The phenomenon of bilocation refers to a state of being in multiple places at the same moment—a split not between “here” and “elsewhere,” but between two or more “heres.” The concept has a long history in mysticism, folklore, and popular culture, appearing as a miraculous ability of figures as diverse as Christian saints, Aleister Crowley, and Vladimir Lenin.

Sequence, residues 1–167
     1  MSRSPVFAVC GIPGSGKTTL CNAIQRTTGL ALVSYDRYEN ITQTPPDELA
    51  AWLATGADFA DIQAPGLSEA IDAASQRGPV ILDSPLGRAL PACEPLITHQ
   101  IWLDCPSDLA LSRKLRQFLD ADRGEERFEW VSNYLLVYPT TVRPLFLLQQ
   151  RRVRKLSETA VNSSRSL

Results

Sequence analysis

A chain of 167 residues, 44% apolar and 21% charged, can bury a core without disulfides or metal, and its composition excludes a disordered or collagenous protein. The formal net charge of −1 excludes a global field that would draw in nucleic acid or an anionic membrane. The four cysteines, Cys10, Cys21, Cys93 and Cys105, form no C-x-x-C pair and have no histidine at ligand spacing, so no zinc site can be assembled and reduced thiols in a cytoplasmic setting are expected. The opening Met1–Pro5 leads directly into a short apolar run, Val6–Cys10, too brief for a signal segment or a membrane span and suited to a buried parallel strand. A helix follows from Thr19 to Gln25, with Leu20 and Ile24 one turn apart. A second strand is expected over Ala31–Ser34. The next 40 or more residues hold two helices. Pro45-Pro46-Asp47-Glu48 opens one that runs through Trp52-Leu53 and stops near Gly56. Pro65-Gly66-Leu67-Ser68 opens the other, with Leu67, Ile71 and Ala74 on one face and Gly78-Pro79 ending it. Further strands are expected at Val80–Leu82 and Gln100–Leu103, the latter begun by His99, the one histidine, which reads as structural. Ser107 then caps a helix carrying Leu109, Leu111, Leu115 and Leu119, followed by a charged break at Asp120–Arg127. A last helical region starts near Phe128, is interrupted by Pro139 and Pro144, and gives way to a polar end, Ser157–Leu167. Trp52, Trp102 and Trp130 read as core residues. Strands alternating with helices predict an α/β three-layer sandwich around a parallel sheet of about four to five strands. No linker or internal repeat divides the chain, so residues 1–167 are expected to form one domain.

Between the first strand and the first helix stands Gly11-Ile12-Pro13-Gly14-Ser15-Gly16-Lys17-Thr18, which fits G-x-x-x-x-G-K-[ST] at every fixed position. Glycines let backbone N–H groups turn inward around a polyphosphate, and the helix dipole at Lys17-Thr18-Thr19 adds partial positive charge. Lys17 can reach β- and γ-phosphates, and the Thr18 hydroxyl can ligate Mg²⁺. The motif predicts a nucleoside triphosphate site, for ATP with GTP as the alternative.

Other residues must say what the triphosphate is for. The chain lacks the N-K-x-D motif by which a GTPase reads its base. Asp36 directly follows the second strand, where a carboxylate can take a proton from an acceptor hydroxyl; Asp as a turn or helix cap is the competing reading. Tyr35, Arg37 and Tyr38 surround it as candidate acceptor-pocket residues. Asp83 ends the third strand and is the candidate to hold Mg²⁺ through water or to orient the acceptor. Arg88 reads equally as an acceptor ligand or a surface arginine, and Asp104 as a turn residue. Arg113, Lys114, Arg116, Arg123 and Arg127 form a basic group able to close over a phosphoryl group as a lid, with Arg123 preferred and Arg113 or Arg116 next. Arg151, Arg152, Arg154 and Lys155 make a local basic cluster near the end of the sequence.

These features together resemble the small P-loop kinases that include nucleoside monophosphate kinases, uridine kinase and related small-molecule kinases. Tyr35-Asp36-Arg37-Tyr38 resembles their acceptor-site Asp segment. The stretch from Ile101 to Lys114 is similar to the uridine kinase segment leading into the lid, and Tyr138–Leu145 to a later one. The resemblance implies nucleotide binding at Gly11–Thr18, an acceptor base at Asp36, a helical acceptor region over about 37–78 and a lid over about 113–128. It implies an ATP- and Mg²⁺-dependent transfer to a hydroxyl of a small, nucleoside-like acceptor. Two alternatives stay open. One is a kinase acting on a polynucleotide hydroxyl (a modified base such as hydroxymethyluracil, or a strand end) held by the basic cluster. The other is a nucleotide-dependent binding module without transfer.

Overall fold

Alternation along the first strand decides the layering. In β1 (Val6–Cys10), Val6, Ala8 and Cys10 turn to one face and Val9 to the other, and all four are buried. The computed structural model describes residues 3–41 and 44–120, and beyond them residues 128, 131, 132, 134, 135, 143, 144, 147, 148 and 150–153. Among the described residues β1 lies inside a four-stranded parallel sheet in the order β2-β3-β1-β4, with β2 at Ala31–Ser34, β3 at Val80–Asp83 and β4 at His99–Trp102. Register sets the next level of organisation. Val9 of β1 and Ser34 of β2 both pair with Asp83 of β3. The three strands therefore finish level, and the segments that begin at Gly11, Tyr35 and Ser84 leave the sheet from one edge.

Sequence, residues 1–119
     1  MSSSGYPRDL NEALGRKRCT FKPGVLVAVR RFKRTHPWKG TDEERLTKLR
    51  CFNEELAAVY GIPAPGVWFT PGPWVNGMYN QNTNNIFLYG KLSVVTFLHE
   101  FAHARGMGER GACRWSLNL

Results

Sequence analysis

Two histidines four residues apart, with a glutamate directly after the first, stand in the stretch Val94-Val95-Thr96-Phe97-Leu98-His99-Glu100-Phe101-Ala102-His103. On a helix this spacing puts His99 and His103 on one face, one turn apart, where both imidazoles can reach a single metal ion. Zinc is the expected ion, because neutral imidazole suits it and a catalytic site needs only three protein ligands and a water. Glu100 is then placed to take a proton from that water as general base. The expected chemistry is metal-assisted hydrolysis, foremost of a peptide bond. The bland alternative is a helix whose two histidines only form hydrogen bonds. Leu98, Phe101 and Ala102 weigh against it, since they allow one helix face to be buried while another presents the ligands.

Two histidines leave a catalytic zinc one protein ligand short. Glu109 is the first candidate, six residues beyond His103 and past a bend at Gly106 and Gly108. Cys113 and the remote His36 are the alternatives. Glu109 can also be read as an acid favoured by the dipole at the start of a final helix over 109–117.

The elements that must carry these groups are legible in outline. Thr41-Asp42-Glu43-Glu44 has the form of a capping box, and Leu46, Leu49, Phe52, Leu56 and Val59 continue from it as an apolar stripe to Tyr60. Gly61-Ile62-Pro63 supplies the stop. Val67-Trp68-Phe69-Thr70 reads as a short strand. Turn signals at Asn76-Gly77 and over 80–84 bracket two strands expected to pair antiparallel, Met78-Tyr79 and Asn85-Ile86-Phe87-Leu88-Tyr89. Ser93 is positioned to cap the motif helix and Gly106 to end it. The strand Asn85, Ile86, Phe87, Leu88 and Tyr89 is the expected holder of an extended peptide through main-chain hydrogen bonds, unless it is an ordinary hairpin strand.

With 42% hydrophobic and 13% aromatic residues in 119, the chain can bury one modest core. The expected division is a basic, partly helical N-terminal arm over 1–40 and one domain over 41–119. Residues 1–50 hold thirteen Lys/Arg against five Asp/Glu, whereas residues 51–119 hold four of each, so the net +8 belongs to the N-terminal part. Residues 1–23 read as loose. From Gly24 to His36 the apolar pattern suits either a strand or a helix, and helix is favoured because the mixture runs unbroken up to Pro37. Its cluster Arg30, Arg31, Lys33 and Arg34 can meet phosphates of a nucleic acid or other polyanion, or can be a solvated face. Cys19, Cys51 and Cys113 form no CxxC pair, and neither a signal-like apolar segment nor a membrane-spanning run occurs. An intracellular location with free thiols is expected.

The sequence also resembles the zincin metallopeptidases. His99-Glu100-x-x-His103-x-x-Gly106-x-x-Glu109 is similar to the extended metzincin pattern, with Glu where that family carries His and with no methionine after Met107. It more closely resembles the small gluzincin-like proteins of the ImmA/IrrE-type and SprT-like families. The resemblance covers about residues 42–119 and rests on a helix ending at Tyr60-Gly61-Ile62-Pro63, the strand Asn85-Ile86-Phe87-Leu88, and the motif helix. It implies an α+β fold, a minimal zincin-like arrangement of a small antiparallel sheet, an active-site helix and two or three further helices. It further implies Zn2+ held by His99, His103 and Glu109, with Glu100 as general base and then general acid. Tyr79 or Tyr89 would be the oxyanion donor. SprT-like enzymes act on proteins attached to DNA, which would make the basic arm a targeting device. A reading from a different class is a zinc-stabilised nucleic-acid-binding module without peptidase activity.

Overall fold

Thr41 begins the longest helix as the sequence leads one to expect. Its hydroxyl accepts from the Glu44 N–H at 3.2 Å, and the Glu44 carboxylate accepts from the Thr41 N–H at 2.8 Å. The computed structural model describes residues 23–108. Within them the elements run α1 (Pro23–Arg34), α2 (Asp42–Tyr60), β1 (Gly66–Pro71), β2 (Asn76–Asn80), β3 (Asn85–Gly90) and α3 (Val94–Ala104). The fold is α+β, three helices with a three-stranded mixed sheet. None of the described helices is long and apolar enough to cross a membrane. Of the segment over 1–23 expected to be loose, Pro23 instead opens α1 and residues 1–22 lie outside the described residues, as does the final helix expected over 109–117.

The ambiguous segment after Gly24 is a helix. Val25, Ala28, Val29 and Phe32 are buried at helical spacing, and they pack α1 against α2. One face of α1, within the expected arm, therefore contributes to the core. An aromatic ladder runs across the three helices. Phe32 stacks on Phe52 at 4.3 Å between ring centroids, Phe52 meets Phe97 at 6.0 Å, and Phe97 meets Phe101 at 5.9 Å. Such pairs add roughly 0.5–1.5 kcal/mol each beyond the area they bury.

In this presentation, Basma Alsharif explores her interest in this phenomenon, which developed while making a film under autohypnosis in three locations: Malta, Athens, and the Gaza Strip. In Doppelgänger, she will examine the history of bilocation and, with reference to her own practice as an artist and filmmaker, the way in which it might enable the moving image to embody the Palestinian perspective. Moving through an investigation of the double in film history, Alsharif will outline and challenge traditional deployments of this trope that mobilize it as a Manichean symbol for inner conflict and turmoil. She will presentbilocation in an alternate framework that rejects binarism in favor of intersectionality and multiplicity. As a Palestinian who grew up and continues to live nomadically, she departs from her own context to consider what it means to inhabit the realm of the “and” rather than the “either/or.” Alsharif will further explore autohypnosis as a psychological act; one that highlights the fallibility of memory and asks us to consider the weight of our presence in the world.